So the in thing these days is for tech pundits to declare that an app centric ecosystem is old fashioned, and that what people really want is a people centric ecosystem; witness Facebook Home, and Windows Phone 8 before it.
That's all well and good, but do app developers want their brand to be muffled into another system? I think most developers like having their icon on the home screen, like being able to design their app as they see fit, and wouldn't be happy if the operating system simply surfaced their content as part of a people centric approach.
Ecosystems are nothing without the support of developers and big brand apps. Everyone wants their cut of the 'mind share' pie.
Ever turned in your iPhone to see a calendar notices suddenly disappear from the lock screen? I've been seeing this a lot lately, and it's really bugged me – especially when my phone is on silent (as it is most of the day), so I can check it at chosen intervals rather than be disturbed (developer thing, no doubt) .
Well it turns out iOS will remove a notification after the event has finished. Kind of makes sense, although it does mean if you totally miss an appointment, you'd be none the wiser unless you pay very careful attention and see it before the notification quickly disappears.
Odd quirk, but probably not a bug – just a design choice (I would say it makes sense to remove them from the notification centre, perhaps not the lock screen) and Apple should probably hide it before the screen turns in to avoid the confusion of seeing something for a split second.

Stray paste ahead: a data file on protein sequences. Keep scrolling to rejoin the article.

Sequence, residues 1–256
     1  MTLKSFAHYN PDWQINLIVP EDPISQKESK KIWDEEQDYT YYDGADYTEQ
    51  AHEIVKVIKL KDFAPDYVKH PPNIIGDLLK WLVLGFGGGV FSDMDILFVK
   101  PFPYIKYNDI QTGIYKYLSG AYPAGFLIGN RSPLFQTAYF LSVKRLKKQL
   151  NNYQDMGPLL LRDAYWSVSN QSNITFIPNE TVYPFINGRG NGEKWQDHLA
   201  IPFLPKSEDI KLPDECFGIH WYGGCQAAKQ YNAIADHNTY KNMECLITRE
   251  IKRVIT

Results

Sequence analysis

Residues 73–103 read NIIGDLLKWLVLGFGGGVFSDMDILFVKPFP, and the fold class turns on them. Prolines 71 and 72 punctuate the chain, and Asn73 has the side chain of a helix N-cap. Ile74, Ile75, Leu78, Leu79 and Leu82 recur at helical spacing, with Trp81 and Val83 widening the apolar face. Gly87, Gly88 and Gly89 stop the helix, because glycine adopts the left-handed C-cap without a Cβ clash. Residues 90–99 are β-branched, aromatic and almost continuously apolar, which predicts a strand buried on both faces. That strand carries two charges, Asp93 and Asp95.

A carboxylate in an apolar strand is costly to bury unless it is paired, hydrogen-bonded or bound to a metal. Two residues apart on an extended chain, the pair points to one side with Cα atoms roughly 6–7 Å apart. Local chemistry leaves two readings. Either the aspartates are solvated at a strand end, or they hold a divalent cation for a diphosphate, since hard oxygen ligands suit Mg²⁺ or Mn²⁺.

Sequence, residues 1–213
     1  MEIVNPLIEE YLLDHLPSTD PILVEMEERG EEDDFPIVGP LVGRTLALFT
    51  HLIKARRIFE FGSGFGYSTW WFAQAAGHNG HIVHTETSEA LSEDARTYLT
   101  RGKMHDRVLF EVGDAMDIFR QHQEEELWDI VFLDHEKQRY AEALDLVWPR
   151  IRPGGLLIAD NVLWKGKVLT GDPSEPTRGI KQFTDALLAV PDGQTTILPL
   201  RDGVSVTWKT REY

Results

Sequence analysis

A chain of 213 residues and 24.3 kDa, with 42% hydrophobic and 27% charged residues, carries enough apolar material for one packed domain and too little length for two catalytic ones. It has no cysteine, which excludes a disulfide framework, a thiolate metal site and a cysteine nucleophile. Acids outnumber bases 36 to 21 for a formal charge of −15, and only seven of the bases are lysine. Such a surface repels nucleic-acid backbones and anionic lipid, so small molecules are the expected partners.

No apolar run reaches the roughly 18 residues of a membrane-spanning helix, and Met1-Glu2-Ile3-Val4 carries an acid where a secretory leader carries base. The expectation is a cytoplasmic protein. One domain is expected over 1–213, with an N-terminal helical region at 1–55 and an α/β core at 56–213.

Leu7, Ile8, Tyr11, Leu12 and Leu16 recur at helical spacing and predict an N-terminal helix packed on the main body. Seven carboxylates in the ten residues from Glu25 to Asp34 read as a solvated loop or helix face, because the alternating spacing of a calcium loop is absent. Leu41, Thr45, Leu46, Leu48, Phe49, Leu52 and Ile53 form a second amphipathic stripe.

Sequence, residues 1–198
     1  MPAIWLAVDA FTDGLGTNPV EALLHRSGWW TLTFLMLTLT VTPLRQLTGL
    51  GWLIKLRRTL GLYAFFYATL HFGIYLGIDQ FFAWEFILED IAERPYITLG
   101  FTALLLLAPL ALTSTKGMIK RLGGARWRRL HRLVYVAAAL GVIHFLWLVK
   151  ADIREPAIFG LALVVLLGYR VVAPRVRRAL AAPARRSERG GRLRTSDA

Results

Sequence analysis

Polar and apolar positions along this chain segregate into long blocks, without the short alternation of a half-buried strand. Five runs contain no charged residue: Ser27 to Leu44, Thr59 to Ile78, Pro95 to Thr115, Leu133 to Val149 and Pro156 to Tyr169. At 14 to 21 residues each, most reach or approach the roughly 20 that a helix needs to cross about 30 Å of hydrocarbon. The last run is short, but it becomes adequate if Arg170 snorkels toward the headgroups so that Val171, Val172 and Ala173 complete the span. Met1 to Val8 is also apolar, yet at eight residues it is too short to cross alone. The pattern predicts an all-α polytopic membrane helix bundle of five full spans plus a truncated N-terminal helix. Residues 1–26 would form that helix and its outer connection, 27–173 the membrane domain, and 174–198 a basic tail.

Apple seems to be getting a lot of bad press recently because of their refusal to release a larger iPhone. That and the fact that iOS is apparently getting 'stale' because hasn't changed much since its release in 2007.
I completely disagree with this criticisms – and here's why: Firstly, when it comes to a phone, I don't believe bigger is better. What matters to me is the portability of the device, coupled with software which is of a high standard and turns this 'black mirror' into something useful. If anything, quality and resolution of the screen matters far more than the dimensions.
When people start talking up screen sizes, it reminds me of the TV market, where people routinely buy the biggest screen they can get for their money, even if it means the screen will disproportionately intrude into their living room. There hasn't been much innovation in TVs in the past 6 years, we've seen half-hearded attempts at 'app' ecosystems, but ultimately people just want to sit passively and watch stuff, not mess about with apps. Since the iPhone was released in 2007, introducing multitouch, inertia scrolling and a touch screen that didn't need a stylus, we haven't seen any other big changes in paradigm. The iPhone 4 got a super high resolution screen that made reading text all the more pleasurable. Apart from that, in terms of hardware at least, we've gotten thinner, lighter and faster and that's all.
With phones, the quality of the apps and ease of use is what makes the difference – not the size of the thing. Price also plays a part – a big part. Having used Android for the past 18 months (HTC Desire S, and a Nexus 7) I can't help but be drawn back to iOS, purely because th software is so much better.